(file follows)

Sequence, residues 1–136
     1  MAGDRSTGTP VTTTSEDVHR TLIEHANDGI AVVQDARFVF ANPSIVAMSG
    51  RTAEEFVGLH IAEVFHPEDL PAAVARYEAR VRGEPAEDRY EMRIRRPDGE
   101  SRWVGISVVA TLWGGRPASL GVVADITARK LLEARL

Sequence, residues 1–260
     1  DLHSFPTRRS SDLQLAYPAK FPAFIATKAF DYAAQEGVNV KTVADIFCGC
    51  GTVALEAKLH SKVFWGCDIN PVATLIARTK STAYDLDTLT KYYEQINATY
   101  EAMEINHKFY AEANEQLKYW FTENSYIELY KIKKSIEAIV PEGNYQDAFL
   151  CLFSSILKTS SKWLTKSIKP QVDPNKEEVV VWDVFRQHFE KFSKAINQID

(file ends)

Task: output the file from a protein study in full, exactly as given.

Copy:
Sequence, residues 1–136
     1  MAGDRSTGTP VTTTSEDVHR TLIEHANDGI AVVQDARFVF ANPSIVAMSG
    51  RTAEEFVGLH IAEVFHPEDL PAAVARYEAR VRGEPAEDRY EMRIRRPDGE
   101  SRWVGISVVA TLWGGRPASL GVVADITARK LLEARL

Sequence, residues 1–260
     1  DLHSFPTRRS SDLQLAYPAK FPAFIATKAF DYAAQEGVNV KTVADIFCGC
    51  GTVALEAKLH SKVFWGCDIN PVATLIARTK STAYDLDTLT KYYEQINATY
   101  EAMEINHKFY AEANEQLKYW FTENSYIELY KIKKSIEAIV PEGNYQDAFL
   151  CLFSSILKTS SKWLTKSIKP QVDPNKEEVV VWDVFRQHFE KFSKAINQID